said, that one reason for dealing separately with Ireland was that it had possessed for a long time a system of valuation superior to that of England; and, as its system of valuing machinery worked extremely well, he had, at the unanimous request of the Irish Members, consented to omit the stock-in-trade clause. The Government had no intention to deal with this as a party question. He did not see why a Committee of the Whole House should not dispose satisfactorily of the Amendments of which Notice had been given. He failed to gather from the speech of the hon. Member for Carlow (Mr. Kavanagh) reasons for sending this Bill to a Select Committee; because all those hon. Members who had given Notice of Amendments on the Bill were in their places, and therefore there was no reason why the subjects contained in the Bill on which there was a difference of opinion should not be discussed at once. A great objection to sending the Bill before a Select Committee was that all the points in it that might be settled upstairs would have to be re-discussed in that House when the Bill came down again. Only those measures which involved dry and technical details which could not be conveniently discussed in that House ought to be referred to a Select Committee, and therefore he hoped that the House would consent to go into Committee upon the Bill.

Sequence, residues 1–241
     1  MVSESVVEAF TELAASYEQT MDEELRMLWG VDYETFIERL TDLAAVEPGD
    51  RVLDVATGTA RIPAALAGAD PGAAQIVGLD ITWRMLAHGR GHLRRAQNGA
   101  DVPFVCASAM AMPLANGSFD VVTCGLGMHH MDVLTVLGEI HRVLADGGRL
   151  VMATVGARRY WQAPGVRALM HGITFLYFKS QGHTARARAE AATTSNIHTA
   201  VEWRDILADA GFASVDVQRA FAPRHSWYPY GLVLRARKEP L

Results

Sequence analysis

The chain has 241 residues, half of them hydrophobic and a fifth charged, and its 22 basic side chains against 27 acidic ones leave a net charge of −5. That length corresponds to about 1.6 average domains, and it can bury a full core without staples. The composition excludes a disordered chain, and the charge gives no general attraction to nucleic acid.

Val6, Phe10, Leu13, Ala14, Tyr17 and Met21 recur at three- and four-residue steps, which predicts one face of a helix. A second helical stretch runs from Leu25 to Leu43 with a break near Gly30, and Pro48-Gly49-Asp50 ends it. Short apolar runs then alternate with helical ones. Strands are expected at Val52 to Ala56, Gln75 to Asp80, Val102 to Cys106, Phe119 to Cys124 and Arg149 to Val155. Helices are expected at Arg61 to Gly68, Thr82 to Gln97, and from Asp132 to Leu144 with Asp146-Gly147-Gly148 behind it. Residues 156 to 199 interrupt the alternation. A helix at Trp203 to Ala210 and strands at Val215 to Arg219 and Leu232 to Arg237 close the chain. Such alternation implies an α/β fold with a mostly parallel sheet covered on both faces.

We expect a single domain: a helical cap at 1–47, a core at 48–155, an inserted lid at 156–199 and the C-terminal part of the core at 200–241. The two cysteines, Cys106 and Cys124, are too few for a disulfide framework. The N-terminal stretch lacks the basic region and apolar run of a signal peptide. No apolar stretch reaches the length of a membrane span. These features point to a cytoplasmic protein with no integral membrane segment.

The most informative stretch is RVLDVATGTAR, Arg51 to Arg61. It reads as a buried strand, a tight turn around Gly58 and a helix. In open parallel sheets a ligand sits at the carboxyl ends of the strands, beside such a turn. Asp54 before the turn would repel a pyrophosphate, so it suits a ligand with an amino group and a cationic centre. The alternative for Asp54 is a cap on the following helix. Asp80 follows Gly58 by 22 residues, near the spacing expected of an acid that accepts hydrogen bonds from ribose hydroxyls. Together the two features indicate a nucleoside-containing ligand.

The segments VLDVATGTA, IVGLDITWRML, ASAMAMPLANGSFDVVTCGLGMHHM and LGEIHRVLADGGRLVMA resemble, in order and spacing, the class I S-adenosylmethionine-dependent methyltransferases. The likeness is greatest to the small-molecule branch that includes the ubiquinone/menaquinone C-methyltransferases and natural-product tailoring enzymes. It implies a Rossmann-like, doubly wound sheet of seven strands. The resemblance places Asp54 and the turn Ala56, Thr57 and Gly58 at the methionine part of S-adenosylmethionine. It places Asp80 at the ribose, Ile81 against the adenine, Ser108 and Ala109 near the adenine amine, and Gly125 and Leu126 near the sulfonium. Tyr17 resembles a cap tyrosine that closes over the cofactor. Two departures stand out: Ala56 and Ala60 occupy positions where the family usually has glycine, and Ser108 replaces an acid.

said, he thought that the right hon. Gentleman (Mr. Baxter) had done his best on the part of the Government to meet the conflicting wishes of various Irish Members. It was difficult to discover what subjects should be referred to a Select Committee; but they had found recently that when the mistakes or the peccadilloes of a Government Department were brought before the House the Government thought these were proper subjects to go to a Select Committee. When the question whether a contract had been imprudently made by a Minister, or whether a great Government Board had acted justly, was brought before the House, some right hon. Gentleman behind the Treasury bench rose and proposed that it should be referred to a Select Committee. He (Mr. Lewis) thought that these were subjects eminently fit for discussion and decision in the House. This Bill, however, involved a number of questions of dry and technical detail, and these, he contended, were matters which could be best discussed by a Select Committee. He trusted that on this occasion the Members for Ireland would be found voting together, and that the matter would be referred to a Select Committee.